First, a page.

Wednesday, April 18, 2012

What I Talk About When I Talk About Running

For the next 30 days, I will be participating in the WEGO Health Activist Writers' Month Challenge by blogging about a predetermined topic each morning.  Please visit to learn more - and please check back each evening for your regularly scheduled programming.

Today's WEGO post was the English major's dream come true: open a book to a random page and find one sentence about which to write.

Um, okay!

(Thankfully I recently finished Fifty Shades of Grey.  That could've made for an interesting blog post!)

When I signed up for the marathon last year, I realized that I was going to need some major motivation.  Because I love words (obviously), I found that inspiration in books.  As I have continued running, I have found that need for outside motivation is still there, so I continue reading everything and anything about running, whether that be in Runner's World, blogs, or books.
The book that I just started reading is called What I Talk About When I Talk About Running, by Haruki Murakami.
For this task, I flipped through some of the first few pages to find something enlightening that I had marked.  One of the first things was this:
Pain is inevitable.  Suffering is optional.  Say you're running and you start to think, Man this hurts, I can't take it anymore.  The hurt part is an unavoidable reality, but whether or not you can stand any more is up to the runner himself.  This pretty much sums up the most important aspect of marathon running.  (Murakami vii)
This quote hit home with me: I have been training for something for over year.  I don't believe there has been one day in the past 365 where something has not hurt.  First, I had shin splints.  Then came the blisters.  Third came the tendonitis.  Then my right ankle started acting up.  During the marathon, my hamstring was a hot mess.  During this go around, it's started all over: shin splints, blisters, tendonitis.
Regardless of what I do, regardless of how well I train, something is always injured.
And that is frustrating.
But, like Murakami said, this is an unavoidable reality.  The human body - at least my human body - was not built to run endless miles.  It takes a beating day in and day out, so it should be no surprise that my body does not hold up like I would like it to.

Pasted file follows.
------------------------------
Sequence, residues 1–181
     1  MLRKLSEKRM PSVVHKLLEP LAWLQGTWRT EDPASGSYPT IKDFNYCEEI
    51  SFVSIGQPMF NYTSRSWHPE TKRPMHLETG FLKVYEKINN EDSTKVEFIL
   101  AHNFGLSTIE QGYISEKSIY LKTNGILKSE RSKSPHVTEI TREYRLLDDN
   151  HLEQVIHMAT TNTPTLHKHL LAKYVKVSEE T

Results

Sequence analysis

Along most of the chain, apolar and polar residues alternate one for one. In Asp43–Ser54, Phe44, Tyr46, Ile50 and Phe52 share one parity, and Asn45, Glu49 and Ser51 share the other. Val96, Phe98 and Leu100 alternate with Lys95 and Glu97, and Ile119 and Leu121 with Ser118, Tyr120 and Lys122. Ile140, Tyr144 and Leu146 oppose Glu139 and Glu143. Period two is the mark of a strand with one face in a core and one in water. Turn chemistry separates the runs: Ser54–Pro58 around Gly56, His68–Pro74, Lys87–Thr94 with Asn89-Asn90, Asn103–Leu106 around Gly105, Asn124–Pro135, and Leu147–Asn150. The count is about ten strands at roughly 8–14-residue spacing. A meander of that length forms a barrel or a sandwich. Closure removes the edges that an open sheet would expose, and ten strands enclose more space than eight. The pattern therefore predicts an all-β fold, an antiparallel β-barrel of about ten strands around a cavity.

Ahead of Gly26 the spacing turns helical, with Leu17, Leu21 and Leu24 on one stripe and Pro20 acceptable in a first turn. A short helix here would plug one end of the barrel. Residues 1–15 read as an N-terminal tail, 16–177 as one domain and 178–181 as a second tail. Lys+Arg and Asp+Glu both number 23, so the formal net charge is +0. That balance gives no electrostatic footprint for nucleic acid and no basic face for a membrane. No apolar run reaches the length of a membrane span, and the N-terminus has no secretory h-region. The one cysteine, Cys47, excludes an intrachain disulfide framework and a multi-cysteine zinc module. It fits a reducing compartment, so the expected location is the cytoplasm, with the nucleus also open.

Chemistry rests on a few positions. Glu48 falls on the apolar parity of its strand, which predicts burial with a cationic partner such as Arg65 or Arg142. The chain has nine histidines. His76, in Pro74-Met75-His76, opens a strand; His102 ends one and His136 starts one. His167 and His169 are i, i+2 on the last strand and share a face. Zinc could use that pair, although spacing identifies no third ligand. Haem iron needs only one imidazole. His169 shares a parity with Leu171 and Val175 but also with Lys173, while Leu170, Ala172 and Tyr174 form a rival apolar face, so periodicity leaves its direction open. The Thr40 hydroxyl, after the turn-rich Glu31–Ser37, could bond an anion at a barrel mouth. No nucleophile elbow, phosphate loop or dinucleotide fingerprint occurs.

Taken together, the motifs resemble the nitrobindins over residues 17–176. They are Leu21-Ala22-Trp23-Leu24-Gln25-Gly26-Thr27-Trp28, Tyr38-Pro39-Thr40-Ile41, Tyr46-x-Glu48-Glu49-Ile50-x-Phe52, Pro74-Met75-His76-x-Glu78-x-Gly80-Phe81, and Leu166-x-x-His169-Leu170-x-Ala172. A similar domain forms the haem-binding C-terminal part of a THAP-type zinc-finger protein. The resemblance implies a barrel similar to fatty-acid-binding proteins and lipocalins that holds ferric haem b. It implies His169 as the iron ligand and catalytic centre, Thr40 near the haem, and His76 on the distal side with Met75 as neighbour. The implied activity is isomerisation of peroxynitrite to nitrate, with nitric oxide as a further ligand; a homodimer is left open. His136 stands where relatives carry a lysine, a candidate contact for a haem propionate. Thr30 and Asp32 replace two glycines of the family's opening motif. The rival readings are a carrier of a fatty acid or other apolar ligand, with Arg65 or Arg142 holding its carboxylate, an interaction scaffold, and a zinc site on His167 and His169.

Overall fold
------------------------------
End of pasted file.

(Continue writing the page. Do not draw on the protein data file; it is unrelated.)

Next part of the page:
However, whether or not you can stand any more is up to the runner himself herself.  I need to keep reminding myself that I am stronger than I think, that my body is capable of more than it seems - but, I need to be realistic and smart about this as well.
Like nearly every other aspect of running, I believe that this quote also transfers, relatively seamlessly, to life.  Often, we face obstacles, things that we think we can never overcome, never get past.  (See last post for evidence.)  Pain is inescapable; suffering is inevitable.  But, due to our fortitude and our resilience, we can push through difficult times, in turn making us stronger individuals.
And like with marathon running, this pretty much sums up a most important aspect of life.
That, my friends, is what I read about when I read about running.  :)

1 comment:

  1. I learned a very powerful mantra during my yoga teacher training: I am not my body.

    This has become my mantra when I'm attempting to meditate and am distracted by some pain or discomfort in my body, it is my mantra when I'm in a difficult/painful asana (pose), it is my mantra when I'm running and I've "hit a wall," and it is my mantra when I wake up in the morning and things are tight or sore.

    Also, here's an anecdote from my college days: I had a psych professor who had a black belt in some martial art and practiced yoga and meditation; he was about 50 years old, and used a cane because of a bad hip. One day, he told my class about his hip-replacement surgery-- He said that he refused anesthesia for the surgery because research shows that it tends to slow healing from major surgeries, and he also knew many people can have negative reactions to it. Instead, he opted to meditate through his surgery; he said that once the surgeon got in there, he discovered additional bone spurs that had to be basically "chipped" off, so they again offered him anesthesia which he again turned down. He said that during his surgery/meditation (which took longer than normal because of the extra spurs), he came to a sudden realization of the difference between pain and suffering-- pain happens, and there's nothing we can do about it or stop it. Suffering, however, is controllable; we decide how much we will suffer.

    Kind of a difficult way to learn that lesson, I think, but a good lesson to learn nonetheless. :)

    Loved your post, Emily!